Sam Gee

86 year-old activist fights for community justice

“It is not that interesting. Just a simple Chinaman’s life.” — Sam Gee.

REGINA — Sam Gee has fought against injustice most of his life and at 86, he continues that fight today.

A 1939 picture of the Gee family in Hong Kong without their father photo Gee family archives


A proud, robust, and outspoken man, despite a recent heart operation, the Chinese-Canadian elder continues to make the case for a final resolution to Canada’s Chinese Head Tax issue.

As probably the eldest activist speaking out on the Head Tax, Sam has been at the forefront of the revived Head Tax grievances for the past two decades that brought generations of the Chinese-Canadian community together.

More than likely, you would see him in a march or protest over the issue in the past 10 years. “I like working in the community. I like to help the people and want to help my community,” he explains.

Since 1983 when Vancouver elder — Dak Leon Mark — approached Vancouver Kingsway MP Margaret Mitchell and wanted his Head Tax back, Chinese-Canadian community groups across Canada have demanded that successive federal governments take action. The newly-elected Stephen Harper-led government finally agreed to do so in 2006.

But Sam Gee says the apology by the prime minister in 2006 was a half-measure because his government acted unilaterally without negotiations with the community. The government announced then it would pay only Head Tax survivors and their spouses and apologized to the community for past racist legislation.

“I want the Head Tax paid to the descendants. They [the government] won’t answer you. They already play the political show. That’s the game to play. They learn to speak a little Cantonese. Say Canadians are sorry.

“But at the meetings, they don’t mention that [the descendants]. They just talk about the families, how bad it was separating families. The guy gets married, left the wife, left the children behind. That’s all,” he says, bluntly.

As chairman of the Saskatchewan Head Tax Redress Committee, Sam Gee would speak at meetings for the elderly widows and few Head Taxpayers left in the province, but he also spoke for people his age. They are the generation of descendants of the Loh Wah Kiu pioneers.

Most of the Loh Wah Kiu in the Chinese-Canadian community have passed on. For Sam, elderly pioneers like his father did not have a voice most of their lives or were afraid to express their opinions, believing Canadian authorities would deport them at any time.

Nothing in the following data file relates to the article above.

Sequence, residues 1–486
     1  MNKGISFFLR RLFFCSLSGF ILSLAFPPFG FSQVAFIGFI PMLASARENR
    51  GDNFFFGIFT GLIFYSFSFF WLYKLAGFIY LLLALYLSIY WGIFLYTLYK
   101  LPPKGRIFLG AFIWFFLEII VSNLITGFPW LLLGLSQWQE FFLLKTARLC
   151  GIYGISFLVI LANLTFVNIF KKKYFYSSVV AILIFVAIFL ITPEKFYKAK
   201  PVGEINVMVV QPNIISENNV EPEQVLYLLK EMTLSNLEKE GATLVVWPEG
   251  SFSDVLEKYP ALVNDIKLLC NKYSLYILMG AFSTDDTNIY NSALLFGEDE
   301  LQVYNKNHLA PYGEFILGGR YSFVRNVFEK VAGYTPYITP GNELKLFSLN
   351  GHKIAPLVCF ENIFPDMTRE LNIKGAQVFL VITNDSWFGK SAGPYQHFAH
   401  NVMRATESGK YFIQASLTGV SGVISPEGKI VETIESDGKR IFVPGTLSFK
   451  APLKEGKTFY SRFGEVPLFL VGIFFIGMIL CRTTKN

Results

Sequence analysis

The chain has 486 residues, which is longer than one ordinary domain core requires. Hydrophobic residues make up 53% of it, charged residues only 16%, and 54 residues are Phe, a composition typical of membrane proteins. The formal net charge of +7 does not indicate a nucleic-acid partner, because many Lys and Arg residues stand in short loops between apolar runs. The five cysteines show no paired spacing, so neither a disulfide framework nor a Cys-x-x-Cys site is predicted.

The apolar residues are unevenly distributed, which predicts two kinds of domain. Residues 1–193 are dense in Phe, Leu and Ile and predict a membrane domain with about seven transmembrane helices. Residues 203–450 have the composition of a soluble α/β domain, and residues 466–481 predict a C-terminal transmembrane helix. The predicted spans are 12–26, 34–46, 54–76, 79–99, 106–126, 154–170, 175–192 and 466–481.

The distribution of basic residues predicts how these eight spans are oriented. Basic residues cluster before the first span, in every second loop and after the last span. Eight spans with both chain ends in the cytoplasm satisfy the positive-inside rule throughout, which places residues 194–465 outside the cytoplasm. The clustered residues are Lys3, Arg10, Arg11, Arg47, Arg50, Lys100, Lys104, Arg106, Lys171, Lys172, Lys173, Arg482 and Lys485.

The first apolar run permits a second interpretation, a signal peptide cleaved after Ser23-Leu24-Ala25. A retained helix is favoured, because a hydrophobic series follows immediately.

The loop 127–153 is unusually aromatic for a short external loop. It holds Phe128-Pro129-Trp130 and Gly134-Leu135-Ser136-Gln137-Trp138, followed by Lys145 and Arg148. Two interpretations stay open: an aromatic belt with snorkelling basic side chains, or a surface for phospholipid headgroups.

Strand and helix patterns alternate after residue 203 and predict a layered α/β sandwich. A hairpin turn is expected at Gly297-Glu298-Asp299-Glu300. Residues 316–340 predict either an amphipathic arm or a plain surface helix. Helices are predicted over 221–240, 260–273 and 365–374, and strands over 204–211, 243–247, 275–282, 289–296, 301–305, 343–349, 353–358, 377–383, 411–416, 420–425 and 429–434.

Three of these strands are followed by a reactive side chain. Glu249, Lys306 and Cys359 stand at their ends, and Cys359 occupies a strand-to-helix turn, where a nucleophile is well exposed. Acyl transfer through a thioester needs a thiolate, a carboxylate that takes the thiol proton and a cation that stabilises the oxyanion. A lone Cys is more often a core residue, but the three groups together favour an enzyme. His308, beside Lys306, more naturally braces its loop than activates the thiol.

One reason, he says, is that some Loh Wah Kiu were here in Canada as “paper daughters and sons.” They came over with false immigration papers and identification even before the 1923 ban on Chinese coming to Canada for 24 years. All came over and paid the $500 Head Tax to help their poor families in China, but they also arrived as sons and daughters of such people as uncles or friends from the same village. It was a common, often desperate, practice to get into Canada.

“The old Chinese don’t understand much English. No education. . . Because they had no education, they worry about something like their pension. You try to straighten it [the Head Tax] up. They don’t want it.”

Sam Gee’s efforts, though, would help some elderly widows in the Saskatchewan community receive the 2006 ex-gratia payments of $20,000 from the Canadian government.

He brought seven Chinese seniors, a few who were 98 years old, by plane to the House of Commons on June 6, 2006, to hear the prime minister apologize to the community for more than 62 years of government-legislated discrimination.

Sam doesn’t mince words when he says the apology by the prime minister left him with a bitter taste of how government works in relation to old grievances for prior government actions that are still considered the present government’s moral responsibility.

“I went to Ottawa 2006. There were only 14 survivors left who paid the Head Tax,” says Sam, although almost 700 widows received the compensation offered by the government for the Head Tax and the separation of their families for decades.

He has been involved in seeking redress for the Head Tax for more than 20 years, particularly the Loh Wah Kiu Head Taxpayers who were still alive in the 1990s when they numbered in the thousands.

Before the announcement, Sam already knew what would happen.

“My father died in 1975. I don’t feel good that way. They don’t mention paying the descendants. I already know this is political. Goddamn it, no wonder. They [are] still holding us down. We are treated as second- and third-class citizens,” says Sam, whose daughter and niece were present at the House of Commons that day.